“The billions of new dollars spent at casinos represent a net transfer of wealth to big business and to pay workers whose labor is not as productive as, say, repairing the nation’s crumbling infrastructure,” writes Daniel Denvir, who is also staffer at the City Paper in Philadelphia. “Casino capitalism is an apt metaphor exactly because — whatever one might think about legalized gambling — it is not generally perceived as a sound operating principle for the entire economy. Yet the steady march of casino gambling now sketches an eerie facsimile of our political economy writ large. In fact, casinos thrive amid economic misery.”
Denvir explains how the gambling industry has made great strides in many states during the recession, preying on desperate and struggling workers who can least afford to gamble. ”The growth of the gambling industry feeds on America’s job insecurity; people, whether gambling or seeking employment, have fewer viable ways to make good money. As the country has deindustrialized since the 1980s, and unions have been marginalized, real wages stagnated and then declined. At the same time, a deregulated and ascendant financial sector offered easier-than-ever credit cards and home mortgages, leading Americans desperate to maintain their lifestyle deep into debt.”
More broadly, casinos fail to produce the economic benefits that many lawmakers tout, Denvir writes. “In states that legalize gambling, casinos no doubt create jobs but they don’t necessarily stimulate the larger economy. A 1999 report by the National Gambling Impact Study Commission found that “few businesses can be found more than a few blocks from the Atlantic City boardwalk. Many of the ‘local’ businesses remaining are pawnshops, cash-for-gold stores and discount outlets. One witness noted that, ‘in 1978 [the year the first casino opened], there were 311 taverns and restaurants in Atlantic City. Nineteen years later, only 66 remained, despite the promise that gaming would be good for the city’s own.’”
Good food for thought as gambling industry lobbyists and lawmakers push to legalize casinos in New York, Florida, Kentucky and other states lining up to make a bad bet.
Tags: Atlantic City, Casino capitalism, economic development, jobs, Las Vegas, Salon
It didn’t take long to dismantle Gov. Cuomo’s economic development plan as lots of sizzle with little steak. The Associated Press’s Mike Gormley says the $25 billion plan doesn’t include any new spending.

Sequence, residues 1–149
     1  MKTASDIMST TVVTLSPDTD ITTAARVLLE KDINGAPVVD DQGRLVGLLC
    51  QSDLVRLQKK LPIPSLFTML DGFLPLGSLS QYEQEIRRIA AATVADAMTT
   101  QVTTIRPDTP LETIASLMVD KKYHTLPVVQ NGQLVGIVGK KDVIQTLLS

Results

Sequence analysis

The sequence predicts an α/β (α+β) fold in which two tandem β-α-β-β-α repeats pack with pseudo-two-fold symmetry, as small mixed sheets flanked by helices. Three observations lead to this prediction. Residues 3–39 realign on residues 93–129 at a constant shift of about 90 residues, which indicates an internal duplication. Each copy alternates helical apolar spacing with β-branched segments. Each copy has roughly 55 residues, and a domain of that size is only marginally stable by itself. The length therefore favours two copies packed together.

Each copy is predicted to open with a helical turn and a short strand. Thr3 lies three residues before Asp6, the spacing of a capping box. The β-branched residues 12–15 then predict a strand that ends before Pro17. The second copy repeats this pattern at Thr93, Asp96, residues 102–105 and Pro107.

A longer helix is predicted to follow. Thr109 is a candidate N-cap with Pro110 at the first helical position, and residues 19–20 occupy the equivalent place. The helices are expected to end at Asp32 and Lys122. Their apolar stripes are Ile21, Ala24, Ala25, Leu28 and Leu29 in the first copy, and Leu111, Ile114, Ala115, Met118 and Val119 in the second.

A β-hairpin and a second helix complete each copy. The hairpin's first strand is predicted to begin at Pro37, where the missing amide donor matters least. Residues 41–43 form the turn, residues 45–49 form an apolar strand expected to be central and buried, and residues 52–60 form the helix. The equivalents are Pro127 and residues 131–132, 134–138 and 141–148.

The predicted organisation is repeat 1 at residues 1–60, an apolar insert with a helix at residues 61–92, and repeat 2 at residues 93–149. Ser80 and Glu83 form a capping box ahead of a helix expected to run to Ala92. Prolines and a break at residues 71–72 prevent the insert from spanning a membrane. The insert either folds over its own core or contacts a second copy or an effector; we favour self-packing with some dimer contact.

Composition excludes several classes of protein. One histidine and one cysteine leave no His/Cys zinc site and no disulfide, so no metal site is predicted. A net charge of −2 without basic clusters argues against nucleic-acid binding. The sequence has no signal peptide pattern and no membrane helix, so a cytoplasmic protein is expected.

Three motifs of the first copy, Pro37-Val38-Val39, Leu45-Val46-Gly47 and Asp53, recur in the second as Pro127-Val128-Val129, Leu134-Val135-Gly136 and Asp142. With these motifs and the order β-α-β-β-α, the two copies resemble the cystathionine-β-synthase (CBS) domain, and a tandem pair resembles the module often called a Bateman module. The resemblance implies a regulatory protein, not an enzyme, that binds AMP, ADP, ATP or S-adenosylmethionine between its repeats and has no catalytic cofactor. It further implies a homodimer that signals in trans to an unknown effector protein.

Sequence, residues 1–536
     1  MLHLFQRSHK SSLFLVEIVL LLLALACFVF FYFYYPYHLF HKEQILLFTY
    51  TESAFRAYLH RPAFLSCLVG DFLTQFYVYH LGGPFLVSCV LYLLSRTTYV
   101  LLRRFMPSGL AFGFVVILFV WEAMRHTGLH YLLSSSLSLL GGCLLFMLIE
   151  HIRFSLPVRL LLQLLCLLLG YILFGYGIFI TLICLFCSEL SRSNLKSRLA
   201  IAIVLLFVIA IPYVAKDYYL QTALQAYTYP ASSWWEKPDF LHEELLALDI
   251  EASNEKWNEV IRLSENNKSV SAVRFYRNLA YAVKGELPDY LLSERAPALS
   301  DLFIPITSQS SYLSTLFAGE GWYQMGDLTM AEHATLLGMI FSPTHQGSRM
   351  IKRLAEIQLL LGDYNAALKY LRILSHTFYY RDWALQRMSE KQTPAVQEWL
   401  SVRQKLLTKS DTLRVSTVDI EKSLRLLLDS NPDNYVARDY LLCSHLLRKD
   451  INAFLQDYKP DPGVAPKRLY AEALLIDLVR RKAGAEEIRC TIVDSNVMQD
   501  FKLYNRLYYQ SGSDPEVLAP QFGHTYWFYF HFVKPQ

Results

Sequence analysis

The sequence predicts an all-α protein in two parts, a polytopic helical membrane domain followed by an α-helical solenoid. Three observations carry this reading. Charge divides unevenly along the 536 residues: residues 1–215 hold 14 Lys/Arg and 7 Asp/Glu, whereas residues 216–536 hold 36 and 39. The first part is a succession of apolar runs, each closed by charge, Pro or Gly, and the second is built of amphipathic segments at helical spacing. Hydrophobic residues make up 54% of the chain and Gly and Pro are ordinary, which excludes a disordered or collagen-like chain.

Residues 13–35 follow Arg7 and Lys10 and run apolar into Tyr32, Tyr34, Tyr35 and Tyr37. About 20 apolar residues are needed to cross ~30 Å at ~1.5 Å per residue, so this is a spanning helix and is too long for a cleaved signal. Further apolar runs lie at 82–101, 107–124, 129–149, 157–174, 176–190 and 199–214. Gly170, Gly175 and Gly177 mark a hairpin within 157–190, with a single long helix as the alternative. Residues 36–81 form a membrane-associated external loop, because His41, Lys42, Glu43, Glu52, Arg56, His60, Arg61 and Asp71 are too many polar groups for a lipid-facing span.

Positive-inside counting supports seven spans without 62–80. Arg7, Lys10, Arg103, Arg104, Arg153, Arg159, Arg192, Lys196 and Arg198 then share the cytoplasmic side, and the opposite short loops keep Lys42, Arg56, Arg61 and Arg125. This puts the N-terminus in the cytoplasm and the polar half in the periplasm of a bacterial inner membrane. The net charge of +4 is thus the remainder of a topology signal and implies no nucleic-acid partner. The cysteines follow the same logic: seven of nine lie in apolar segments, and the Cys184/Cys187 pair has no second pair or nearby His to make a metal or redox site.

The AP’s Gormley writes: “On Wednesday, Cuomo announced $1 billion for Buffalo, $2 billion to redevelop a Manhattan convention center, plus funds to build a new convention center at Aqueduct race track and more to repair 2,000 miles in roads and bridges. Cuomo spokesman Josh Vlasto says much of it relies on existing tax breaks, capital aid, matching federal grants and other resources that will add little or nothing to state spending.”
So where’s the beef?
The reality is Cuomo knows that legalizing casinos is not a slam dunk. So instead he wrapped the casino legalization in an empty box and called it economic development. At the same time, he tried to sprinkle money around to different parts of the state to help buy support. The $1 billion for Buffalo, for example, will help build support from a part of the state where there is an energized opposition to casinos because residents there have seen the negative impact from an Indian casino there.
Tags: Associated Press, Buffalo, casinos, economic development, Gov. Cuomo, Indian casino, Mike Gormley
Casino operators and their government enablers like to tout the jobs that come with gambling. No doubt the casinos create jobs. But for the most they are not quality jobs in which one could raise a family. Basically the casino jobs are akin to working at Wal-Mart, except they include graveyard shifts and secondhand smoke.
In Cleveland, the Horseshoe Casino is looking to fill 750 jobs. The jobs pay from $12 an hour for security guards to $39,000 a year for those who oversee slot machines. Even in Cleveland, $39,000 a year doesn’t go too far.
Granted, it is better than no job. But states that bank on casinos as a form of economic development are misguided. To be sure, the economic benefits from casinos are not all they are cracked up to be and the costs are often overlooked or ignored.
Tags: casino, Cleveland, economic development, horseshow, jobs